European Single Use Plastics (SUP) directive

The time has come! The European directive to restrict the use of Single Use Plastics goes into effect today. We use 19 million disposable plastic cups and plates daily in the Netherlands, which will hopefully change after today.

Which rules apply to you depends on the situation. In any case, there is a big push to offer reusable alternatives or bring your own packaging. If you don’t, you will have to pay extra. It makes a difference whether you eat or drink on location or have food and drinks delivered. We briefly explain the rules for each environment:

• Plastic disposable cups and trays/plates in the office
From 1st January 2024, this will no longer be allowed. You can use reusable packaging such as washable cups, glasses, hard cups, plates and trays. Or you can let people bring their own cups or tray.

• Plastic disposable cups and containers in retail (including supermarkets)
From 1st July 2023, shops must charge customers extra for portions of food and drink pre-packed with plastic. If you offer to-go food or beverages, you cannot provide free disposable cups and trays if they contain plastic packaging. You have to offer customers a reusable alternative.

• Plastic disposable cups and plates in the catering industry
The rules for takeaway food and drinks go into effect on 1st July 2023. Customers will have to pay extra for food and drinks in plastic packaging. Anyway, you have to offer a reusable alternative also.
From 1st January 2024, disposable plastic cups and containers will no longer be allowed on site.

Plastic disposable cups and containers during events
A distinction is made here between open and closed events. Disposable plastic cups and containers are no longer allowed at closed events from 1st January 2024. You will then be obligated to have a circular system where cups and containers are returned for reuse or high-quality recycling. At open events, from 1st July 2023, visitors will have to pay for a disposable plastic cup and container and be able to use a reusable alternative with a return system. Of course, bringing your own cup or container is also allowed.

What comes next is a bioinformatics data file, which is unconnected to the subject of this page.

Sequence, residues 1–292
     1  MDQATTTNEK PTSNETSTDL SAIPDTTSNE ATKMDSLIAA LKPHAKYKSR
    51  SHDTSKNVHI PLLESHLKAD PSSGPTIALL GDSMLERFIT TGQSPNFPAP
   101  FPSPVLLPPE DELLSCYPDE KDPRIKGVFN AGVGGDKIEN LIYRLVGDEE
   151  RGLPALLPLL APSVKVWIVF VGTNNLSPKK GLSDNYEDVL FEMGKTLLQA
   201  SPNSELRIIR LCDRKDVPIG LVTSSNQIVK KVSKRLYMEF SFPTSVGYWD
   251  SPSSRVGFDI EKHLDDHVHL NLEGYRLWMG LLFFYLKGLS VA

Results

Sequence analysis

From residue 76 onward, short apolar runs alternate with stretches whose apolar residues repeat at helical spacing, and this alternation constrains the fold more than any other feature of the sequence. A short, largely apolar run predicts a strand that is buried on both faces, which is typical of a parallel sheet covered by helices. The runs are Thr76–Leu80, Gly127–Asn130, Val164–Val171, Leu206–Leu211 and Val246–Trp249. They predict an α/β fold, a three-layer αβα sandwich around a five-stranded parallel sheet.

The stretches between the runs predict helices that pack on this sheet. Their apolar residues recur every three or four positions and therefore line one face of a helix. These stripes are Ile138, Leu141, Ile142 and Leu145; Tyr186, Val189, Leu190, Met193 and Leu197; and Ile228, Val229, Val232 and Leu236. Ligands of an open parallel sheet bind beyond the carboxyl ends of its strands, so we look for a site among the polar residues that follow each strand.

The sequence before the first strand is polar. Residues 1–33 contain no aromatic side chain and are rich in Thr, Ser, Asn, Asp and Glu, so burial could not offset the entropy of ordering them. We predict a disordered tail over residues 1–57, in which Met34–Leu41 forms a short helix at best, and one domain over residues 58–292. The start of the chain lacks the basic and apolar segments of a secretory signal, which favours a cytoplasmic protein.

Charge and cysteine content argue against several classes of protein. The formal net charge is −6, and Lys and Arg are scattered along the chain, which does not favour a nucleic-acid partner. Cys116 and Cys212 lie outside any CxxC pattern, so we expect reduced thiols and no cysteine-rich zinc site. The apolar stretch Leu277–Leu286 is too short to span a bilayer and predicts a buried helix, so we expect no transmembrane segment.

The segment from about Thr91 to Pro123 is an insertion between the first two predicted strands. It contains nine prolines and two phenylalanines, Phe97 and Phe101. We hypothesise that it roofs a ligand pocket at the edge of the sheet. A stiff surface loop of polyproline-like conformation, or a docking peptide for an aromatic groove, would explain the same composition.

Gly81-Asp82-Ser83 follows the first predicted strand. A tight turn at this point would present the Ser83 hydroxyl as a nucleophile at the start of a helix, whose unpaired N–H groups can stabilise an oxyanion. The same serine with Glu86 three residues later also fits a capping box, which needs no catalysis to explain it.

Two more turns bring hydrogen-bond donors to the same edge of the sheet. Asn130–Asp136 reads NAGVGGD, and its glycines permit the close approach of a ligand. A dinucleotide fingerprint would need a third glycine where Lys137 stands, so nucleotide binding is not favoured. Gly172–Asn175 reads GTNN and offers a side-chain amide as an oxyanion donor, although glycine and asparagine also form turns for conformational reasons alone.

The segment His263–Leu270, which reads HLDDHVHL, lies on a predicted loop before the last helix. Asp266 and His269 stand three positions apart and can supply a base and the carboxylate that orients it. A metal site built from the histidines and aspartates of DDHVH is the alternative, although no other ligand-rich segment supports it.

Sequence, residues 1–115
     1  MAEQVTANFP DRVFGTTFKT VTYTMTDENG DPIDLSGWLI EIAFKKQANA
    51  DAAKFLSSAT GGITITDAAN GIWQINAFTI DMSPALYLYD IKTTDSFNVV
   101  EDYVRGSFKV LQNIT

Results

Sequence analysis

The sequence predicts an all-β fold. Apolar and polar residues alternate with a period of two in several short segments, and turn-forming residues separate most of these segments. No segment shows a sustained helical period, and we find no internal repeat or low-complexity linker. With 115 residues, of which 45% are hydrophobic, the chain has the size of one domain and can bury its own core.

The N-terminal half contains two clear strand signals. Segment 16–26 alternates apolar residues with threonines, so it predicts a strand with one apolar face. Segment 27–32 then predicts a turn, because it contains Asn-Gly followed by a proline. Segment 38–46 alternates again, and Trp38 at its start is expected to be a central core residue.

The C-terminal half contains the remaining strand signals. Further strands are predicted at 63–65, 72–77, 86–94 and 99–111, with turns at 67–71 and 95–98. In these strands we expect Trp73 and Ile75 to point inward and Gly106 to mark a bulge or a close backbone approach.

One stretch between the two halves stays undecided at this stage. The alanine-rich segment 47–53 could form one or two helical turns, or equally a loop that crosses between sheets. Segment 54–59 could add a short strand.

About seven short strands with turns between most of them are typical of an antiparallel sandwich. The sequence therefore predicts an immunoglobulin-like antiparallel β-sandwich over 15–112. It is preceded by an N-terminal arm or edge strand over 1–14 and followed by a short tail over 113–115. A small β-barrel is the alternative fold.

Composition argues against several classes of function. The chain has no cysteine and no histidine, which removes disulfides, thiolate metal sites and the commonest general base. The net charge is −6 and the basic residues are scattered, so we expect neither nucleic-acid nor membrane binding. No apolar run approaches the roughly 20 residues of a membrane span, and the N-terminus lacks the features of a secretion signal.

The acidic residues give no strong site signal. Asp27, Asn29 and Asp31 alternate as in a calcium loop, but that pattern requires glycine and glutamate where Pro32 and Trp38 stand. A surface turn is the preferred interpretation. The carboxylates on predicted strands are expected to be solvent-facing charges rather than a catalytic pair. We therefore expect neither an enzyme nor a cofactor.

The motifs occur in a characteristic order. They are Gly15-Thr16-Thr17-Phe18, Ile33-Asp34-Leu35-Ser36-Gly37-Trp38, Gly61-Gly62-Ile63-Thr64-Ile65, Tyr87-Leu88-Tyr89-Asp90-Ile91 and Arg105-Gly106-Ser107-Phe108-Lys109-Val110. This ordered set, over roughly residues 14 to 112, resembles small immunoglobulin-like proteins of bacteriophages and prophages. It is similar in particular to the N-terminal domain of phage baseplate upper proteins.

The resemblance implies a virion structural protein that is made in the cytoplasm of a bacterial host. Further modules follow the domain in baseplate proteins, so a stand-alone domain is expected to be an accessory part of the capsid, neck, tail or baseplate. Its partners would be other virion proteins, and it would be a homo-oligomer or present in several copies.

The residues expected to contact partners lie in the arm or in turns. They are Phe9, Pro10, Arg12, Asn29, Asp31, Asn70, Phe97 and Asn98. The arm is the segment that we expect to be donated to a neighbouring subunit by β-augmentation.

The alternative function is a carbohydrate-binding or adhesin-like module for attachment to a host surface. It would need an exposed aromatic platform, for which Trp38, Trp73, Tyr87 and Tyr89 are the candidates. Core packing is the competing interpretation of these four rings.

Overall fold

• Plastic disposable cups and plates at sports clubs
Plastic disposable cups and containers will no longer be allowed here from 1st January 2024. This applies to all sports clubs where on-site consumption takes place. From 1st January 2024, they can choose between offering a reusable alternative or the members of the clubs bringing their own cup, water bottle or tray. Stocks of disposable cups and trays containing plastic must be exhausted before the ban takes effect on 1st January 2024.

Even cardboard variants often contain plastic

Many cups and containers that are made of cardboard also contain plastic to make them water- and grease-resistant. Even cups and containers with a ‘plastic-free’ label may contain plastic. So this label does not guarantee exclusion from regulation. In the Netherlands, plastic-free means that the product contains no (added) polymers. Be aware of other standards being applied abroad, which means that the plastic-free logo from Germany, for example, is not valid in the Netherlands. So it is wise to get proper advice. Cups and containers made of bioplastic also fall under the new regulations, as not all bioplastics are also biodegradable in nature. But we know of 2 brands of ‘bioplastic’ cups that are.

Looking for reusable plastic cups that are biodegradable?

There are two ‘bioplastic’ cups on the market that do biodegrade. These two are made of biopolymer PHA. The beauty of PHA is that it is made entirely biologically (by bacteria) and is also biodegradable on land and in the sea (by bacteria). So in case these reusable cups do end up in nature, they will break down there too. Curious about which two there are? Then check out the Wadkop and Happy Cups websites.

Need help?

If you can’t see the wood for the trees, we are happy to help! Ecoras can make an inventory for you to see whether you comply with the regulations and what is the most sustainable solution for you using an LCA (life cycle analysis).